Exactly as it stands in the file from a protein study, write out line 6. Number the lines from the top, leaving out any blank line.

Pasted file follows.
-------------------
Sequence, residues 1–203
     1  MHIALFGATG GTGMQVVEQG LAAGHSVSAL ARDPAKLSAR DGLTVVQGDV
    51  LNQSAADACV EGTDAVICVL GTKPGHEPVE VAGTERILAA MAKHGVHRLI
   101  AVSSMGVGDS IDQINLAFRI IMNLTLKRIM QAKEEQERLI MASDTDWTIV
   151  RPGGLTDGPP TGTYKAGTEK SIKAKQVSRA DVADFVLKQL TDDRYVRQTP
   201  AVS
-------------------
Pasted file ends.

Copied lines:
   201  AVS